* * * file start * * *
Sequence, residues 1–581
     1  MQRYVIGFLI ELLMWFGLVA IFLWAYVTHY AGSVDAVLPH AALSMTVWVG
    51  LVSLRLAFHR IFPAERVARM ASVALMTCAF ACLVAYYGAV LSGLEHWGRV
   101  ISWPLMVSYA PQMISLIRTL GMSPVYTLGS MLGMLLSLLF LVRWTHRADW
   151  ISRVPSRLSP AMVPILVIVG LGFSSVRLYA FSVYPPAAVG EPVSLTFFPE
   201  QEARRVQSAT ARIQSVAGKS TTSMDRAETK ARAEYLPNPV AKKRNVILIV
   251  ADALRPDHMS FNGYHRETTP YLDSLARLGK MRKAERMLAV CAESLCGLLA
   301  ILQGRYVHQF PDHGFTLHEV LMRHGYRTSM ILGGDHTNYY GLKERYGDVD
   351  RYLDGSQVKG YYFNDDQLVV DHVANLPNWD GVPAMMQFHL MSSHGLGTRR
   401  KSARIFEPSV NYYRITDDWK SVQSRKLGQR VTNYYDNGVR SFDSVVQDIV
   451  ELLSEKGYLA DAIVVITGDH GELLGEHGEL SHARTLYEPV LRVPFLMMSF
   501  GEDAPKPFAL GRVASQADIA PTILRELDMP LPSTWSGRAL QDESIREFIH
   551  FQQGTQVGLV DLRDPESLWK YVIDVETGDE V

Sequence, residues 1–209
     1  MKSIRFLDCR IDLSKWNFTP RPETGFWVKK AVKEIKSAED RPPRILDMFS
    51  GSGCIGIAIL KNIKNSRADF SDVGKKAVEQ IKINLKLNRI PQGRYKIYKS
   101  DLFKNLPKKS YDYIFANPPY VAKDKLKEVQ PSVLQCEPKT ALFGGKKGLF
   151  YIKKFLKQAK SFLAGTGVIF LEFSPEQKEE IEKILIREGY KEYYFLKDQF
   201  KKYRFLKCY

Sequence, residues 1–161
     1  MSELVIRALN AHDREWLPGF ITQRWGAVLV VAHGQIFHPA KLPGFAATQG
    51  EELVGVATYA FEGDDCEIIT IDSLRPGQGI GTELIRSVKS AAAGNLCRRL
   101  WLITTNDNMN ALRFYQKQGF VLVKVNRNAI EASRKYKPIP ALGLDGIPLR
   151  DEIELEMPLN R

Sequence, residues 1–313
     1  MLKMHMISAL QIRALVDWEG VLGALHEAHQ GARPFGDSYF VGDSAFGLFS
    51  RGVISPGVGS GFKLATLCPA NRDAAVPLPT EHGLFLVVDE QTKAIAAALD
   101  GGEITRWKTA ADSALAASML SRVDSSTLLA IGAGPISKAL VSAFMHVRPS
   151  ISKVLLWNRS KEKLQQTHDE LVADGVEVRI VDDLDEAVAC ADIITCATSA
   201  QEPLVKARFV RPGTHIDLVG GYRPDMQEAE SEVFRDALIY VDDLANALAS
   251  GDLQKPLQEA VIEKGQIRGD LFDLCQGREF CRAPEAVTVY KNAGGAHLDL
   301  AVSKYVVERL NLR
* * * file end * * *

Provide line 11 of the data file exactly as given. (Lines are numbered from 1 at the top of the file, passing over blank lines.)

   451  ELLSEKGYLA DAIVVITGDH GELLGEHGEL SHARTLYEPV LRVPFLMMSF